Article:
And Now the Hollywood Ten Is Down to One

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Abe Polonsky, 88, one of the last survivors of the Hollywood communist witch-hunts, died on Tuesday much as he lived — quietly and outside the public eye. In his waning years, Polonsky became an increasingly lonely voice against the country's unwillingness to confront one of its murkiest eras. Following the meteoric start of his career, including a best-screeplay Oscar nomination followed by a critically acclaimed directorial debut — all within his first two years in Tinseltown — Polonsky was banished to the Hollywood blacklist in the early '50s and never regained his stature. Until the end, Polonsky, like others in the Hollywood Ten, battled to keep the hearings of the House Un-American Activities Committee (HUAC) alive in the nation's consciousness as a sordid period in American history that should never be repeated. Interviewed last year about the congressional witch-hunts, Polonsky said, "That's the kind of thing they do in communist countries, but we're supposed to be a free country. We need to be a genuinely free country and not merely pretend to be one." Ring Lardner, Jr., the only surviving member of the original Hollywood Ten of blacklisted writers, is sickly and past his fighting days.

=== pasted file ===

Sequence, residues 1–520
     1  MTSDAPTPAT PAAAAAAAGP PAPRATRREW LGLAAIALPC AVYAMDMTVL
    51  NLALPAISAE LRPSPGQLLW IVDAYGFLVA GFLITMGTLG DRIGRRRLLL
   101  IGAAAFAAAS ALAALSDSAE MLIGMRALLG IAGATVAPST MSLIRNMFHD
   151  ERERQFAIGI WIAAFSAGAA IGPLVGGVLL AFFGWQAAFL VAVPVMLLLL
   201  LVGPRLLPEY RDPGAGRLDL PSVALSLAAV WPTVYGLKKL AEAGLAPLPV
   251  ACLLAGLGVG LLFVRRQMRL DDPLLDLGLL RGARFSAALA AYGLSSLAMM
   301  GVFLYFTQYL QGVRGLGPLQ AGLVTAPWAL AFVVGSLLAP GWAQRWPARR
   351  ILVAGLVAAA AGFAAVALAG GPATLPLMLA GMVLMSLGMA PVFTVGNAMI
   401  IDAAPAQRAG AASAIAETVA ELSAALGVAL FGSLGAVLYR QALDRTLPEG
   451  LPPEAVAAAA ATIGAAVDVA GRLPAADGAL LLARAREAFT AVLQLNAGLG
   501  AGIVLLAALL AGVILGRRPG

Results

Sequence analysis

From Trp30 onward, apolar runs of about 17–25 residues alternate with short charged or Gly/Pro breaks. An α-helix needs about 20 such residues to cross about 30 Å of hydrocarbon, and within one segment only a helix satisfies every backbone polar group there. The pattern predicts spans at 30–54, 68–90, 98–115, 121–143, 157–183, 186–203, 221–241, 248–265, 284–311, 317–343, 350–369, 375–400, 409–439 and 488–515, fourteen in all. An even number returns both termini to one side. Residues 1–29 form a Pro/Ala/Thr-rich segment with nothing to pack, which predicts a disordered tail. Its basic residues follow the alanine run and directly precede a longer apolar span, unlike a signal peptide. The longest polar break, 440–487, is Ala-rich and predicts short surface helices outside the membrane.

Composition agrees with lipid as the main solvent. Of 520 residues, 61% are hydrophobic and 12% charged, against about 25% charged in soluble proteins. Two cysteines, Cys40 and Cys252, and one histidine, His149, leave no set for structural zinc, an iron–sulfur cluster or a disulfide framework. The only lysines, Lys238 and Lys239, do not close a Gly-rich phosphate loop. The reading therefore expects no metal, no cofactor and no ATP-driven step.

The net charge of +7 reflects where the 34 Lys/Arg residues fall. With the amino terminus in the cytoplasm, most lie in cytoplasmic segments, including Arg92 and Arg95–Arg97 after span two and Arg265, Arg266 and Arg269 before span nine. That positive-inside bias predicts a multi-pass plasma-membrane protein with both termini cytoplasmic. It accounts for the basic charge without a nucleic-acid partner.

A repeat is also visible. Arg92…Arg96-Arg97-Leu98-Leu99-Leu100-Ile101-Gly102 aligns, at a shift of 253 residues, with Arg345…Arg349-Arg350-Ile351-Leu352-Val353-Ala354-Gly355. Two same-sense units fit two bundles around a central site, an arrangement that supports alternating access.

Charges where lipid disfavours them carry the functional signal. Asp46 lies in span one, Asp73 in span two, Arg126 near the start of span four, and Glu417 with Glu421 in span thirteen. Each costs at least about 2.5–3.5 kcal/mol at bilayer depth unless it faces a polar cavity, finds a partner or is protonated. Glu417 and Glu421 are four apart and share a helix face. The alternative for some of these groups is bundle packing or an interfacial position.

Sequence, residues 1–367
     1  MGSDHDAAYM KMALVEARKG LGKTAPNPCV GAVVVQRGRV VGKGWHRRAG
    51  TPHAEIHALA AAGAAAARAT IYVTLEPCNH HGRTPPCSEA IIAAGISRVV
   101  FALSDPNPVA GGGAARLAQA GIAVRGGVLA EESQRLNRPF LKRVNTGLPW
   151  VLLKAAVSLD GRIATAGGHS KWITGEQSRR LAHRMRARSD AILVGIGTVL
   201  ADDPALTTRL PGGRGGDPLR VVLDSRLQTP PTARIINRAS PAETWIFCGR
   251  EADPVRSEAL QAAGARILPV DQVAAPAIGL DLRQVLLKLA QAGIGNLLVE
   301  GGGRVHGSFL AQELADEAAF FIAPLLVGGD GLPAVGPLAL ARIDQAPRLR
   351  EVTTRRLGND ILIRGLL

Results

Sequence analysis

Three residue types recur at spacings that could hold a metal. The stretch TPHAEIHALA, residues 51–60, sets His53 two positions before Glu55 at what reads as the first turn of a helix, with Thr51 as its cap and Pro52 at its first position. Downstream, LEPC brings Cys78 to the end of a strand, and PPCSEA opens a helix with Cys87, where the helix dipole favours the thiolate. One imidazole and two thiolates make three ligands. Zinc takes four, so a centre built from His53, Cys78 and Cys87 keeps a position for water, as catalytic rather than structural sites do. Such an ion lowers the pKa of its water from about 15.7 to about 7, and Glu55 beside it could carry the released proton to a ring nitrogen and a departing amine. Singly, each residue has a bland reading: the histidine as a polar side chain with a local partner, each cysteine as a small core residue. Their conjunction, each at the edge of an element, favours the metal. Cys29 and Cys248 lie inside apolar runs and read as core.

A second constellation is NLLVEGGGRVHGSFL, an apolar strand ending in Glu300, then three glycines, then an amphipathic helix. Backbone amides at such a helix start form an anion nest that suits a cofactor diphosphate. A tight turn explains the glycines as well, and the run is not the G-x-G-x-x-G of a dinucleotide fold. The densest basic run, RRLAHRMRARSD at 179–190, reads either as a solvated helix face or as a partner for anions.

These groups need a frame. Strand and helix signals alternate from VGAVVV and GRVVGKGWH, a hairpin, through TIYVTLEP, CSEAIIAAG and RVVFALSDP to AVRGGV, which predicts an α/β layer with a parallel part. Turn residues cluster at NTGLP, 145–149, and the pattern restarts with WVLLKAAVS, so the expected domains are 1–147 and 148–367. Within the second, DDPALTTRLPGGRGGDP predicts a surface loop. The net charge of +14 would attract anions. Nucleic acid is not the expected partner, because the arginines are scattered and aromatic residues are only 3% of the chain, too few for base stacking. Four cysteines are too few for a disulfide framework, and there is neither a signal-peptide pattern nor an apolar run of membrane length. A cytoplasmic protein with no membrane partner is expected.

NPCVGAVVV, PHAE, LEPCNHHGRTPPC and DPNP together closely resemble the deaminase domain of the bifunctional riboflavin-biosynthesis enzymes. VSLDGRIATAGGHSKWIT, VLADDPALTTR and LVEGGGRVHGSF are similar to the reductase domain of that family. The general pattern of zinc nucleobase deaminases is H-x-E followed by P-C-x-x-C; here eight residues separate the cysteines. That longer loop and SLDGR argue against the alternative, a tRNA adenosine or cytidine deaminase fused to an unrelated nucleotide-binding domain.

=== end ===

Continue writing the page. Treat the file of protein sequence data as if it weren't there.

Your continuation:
Last year Polonsky tried to bring the witch-hunts to the forefront again when famed director Elia Kazan ("On the Waterfront," "Streetcar Named Desire," "Splendor in the Grass"), who named names to HUAC, was presented with a lifetime achievement Oscar. Through open letters and TV interviews Polonsky pleaded with Hollywood's new guard to protest the award. While he did succeed in getting a few Academy Award attendees to sit on their hands while Kazan was honored, none hissed, as he'd asked them to. Kazan was shielded from negativity by two avowed Hollywood liberals, Robert DeNiro and Martin Scorsese, who presented the award. Scorsese and DeNiro, incidentally, acted in "Guilty by Suspicion," a 1991 movie about the Hollywood blacklist. Polonsky cowrote the film, but demanded that his name be removed when the script was altered to make the DeNiro character, a persecuted screenwriter, into an unsuspecting liberal rather than an avowed communist sympathizer. It would have been Polonsky's final screen credit.